I felt particularly sick for a long time before our trek out west from New Jersey– woozy and aching and listless – and liable to crash miserably after almost anything, like unloading the dishwasher or washing and blow-drying my hair.

stop sign

Facing significant travel while feeling fluey Carol decided to stop her antivirals – and responded by feeling stronger

Maybe, as my husband hypothesized, anticipation of the trip was stressing me out. But I saw another possibility.  I’d been on Imunovir for almost two years, and the antiviral Famvir for months.  When Dr. Rey explained that my early misery after starting Famvir was the usual die-off, I felt encouraged, and I know that anti-virals take a long time to show good results – but here, on the verge of a long trip, I feared I was too weak for the Tucson- by-car and then Hawaii-by-plane adventure/ordeal. I made a decision: Stop the meds and see what happens.

The result: I began to feel a bit stronger and less liable to crashes. And then I thought, goodness, I’m 70 years old and have been fighting this disease for 15 years, which, I know, isn’t that long when compared to others.

Yet, at 70, how much time do I have to experiment with treatments? And what’s the point of experiencing the side effects of medication with the view to a later recovery (whether partial or full – which would be at this point a miracle of biblical proportions). I’m already an old lady.

How many years of “wellness” will elixers and potions and prescriptions offer me, after pummeling me with die-offs and other side effects?

Would I be better off just “leaving well-enough alone”?

I’ve been off the meds now for almost 6 weeks, and feeling just about the same level of illness as after I first stopped. I still have discouraging crashes with too much activity and have to work hard at resting and pacing myself. (Isn’t that an oxymoron: “work hard at resting” ?) I don’t feel, however, as if some poison is snaking through my veins looking to wreak havoc.

signs pointing different directions

With so many variables it’s difficult and frustrating to know what’s affects what

Of course, I’ve started and stopped so many other treatments, and by now I’ve lost perspective and the energy to tolerate difficulties. I’m tired of trying to figure thing out when there are always so many variables.  I believe I stayed on each past treatment long enough for a fair trial. But who knows? Do Imunovir and Famvir really offer another possibility I’m giving up on prematurely? But, like I keep saying, I’m 70 years old. That’s pretty mature. In fact, it’s verging on postmature.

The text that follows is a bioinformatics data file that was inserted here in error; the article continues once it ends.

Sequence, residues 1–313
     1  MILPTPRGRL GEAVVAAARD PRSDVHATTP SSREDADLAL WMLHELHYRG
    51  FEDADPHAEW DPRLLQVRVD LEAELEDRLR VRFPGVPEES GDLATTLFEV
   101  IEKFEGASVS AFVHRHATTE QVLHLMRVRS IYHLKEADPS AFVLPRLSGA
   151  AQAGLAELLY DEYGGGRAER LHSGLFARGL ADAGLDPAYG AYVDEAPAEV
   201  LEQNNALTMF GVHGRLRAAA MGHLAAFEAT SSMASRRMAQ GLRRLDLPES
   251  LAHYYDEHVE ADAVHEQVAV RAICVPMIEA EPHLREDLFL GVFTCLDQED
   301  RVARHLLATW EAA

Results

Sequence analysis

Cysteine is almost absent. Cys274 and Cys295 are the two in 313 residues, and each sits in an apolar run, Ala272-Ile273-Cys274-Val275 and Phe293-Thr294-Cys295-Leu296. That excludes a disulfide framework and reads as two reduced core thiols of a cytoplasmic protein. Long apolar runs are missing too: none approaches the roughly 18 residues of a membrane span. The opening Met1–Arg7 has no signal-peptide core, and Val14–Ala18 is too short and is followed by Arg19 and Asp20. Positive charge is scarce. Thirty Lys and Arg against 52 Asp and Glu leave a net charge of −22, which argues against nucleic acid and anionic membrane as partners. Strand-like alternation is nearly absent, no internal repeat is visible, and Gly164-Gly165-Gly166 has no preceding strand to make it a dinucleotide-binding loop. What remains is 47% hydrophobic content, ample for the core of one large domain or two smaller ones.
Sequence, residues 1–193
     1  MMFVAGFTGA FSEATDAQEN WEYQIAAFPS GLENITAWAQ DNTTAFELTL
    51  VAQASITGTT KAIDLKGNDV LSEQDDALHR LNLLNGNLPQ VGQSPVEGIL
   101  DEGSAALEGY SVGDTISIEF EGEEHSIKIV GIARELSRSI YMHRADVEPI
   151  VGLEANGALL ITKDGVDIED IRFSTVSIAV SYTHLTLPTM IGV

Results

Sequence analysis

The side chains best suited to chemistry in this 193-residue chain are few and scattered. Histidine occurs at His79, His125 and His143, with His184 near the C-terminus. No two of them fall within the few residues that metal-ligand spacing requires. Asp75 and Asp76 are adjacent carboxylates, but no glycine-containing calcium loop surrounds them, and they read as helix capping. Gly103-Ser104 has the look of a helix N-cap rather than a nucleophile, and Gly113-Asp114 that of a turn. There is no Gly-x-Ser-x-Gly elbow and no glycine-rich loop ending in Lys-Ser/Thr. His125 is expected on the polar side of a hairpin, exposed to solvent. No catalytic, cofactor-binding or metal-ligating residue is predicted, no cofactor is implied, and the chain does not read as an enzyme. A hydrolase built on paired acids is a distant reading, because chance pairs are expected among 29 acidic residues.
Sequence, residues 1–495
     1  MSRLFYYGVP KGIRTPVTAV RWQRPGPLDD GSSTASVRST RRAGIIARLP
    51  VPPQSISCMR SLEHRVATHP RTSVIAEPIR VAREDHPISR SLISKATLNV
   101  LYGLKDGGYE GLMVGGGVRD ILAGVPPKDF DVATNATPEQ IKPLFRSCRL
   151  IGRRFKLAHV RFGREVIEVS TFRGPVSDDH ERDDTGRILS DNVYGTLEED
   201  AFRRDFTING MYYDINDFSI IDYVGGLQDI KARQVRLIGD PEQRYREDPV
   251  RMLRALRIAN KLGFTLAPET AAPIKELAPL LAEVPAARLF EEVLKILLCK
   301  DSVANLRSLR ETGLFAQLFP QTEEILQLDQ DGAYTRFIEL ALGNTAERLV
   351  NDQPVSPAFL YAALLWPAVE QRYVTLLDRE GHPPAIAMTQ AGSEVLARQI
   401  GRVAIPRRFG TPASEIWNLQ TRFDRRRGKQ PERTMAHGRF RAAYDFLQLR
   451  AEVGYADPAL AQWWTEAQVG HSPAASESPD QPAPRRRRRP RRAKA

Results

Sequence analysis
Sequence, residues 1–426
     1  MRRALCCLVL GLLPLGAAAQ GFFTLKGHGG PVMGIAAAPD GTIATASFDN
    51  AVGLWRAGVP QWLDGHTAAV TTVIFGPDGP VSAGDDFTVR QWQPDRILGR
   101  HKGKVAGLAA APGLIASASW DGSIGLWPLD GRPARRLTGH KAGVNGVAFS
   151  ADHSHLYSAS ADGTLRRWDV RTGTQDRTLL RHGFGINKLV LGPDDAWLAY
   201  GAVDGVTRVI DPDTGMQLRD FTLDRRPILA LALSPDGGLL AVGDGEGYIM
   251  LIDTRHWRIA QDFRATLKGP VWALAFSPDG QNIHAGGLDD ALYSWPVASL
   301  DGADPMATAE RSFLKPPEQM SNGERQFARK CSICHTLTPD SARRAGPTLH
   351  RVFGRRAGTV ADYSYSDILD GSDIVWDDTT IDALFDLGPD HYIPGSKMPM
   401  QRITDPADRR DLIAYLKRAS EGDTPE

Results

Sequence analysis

By nature, though, it’s hard for me to do nothing. I still read and wonder about the variety of approaches out there, like Rituximab and Methylation and the Paleo diet. (Just listing even these few sets my brain spinning.) I’m really interested in the possibilities of HealthClick, as described by Cort and Joey Tuan. I’d love to connect with other postmature sufferers of ME/CFS and find out how much they are still invested in trying new treatments. Anyone out there 65+ in a similar situation?

I have my yearly appointment with Dr. Rey in the summer. I brought my meds with me to Tucson. Maybe at some point I’ll decide to return to my Imunovir and Famvir cocktail, concluding that I’m not better enough free of them.  In 2013, after a year of Imunovir, my immune system labs were no better, and my HHV6 levels were still high, which is why she added the Famvir.  Maybe I’ll give it another chance and see if the labs improve in 2014.

I will keep following the procedures and (hopefully) progress of the (controversial) Institute of Medicine contract to determine diagnostic criteria, as well as the new and continuing research that seems to have blossomed after the XMRV controversy. I’m heartened by reports of various new findings and approaches. But then I ask, who am I fooling? How much can breakthroughs really help a 70 year old who’s been ill for 15 years?

well bottom

After 15 years of trying Carol’s initial positive conditioning – that she’ll surely find something that works – has been turned on it’s head; now she more expects failure than success when she tries something new.

At the age of 55, I was conditioned by a lifetime of good health to assume that good health would return after the illness that followed the flu shot; it never dawned on me to think otherwise. Now, in the same way, I’ve been conditioned by 15 years of ME/CFS and all the futile treatments to believe, with the same confidence, that anything I try will result in basic failure.  Up until now, I’ve always talked myself out of that pessimism; note how I’ve been dragging myself (and my husband) to Florida to see Doctors Klimas and Rey. But then the realization came with a startle: I’m 70 years old!

I’m not going to stop learning and wondering, and I love that there is hope for younger ME/CFS sufferers. Whether I actually try anything else, after all my previous attempts, depends on many factors – mostly involving side effects, both long and short term, cost, and the need for travel. Right now I’m holding onto a tenuous but familiar relapse/recovery cycle (I’m writing this from my bed just starting to perk up a bit after a recent relapse) that I’m not sure I’m ready or willing to tinker with.




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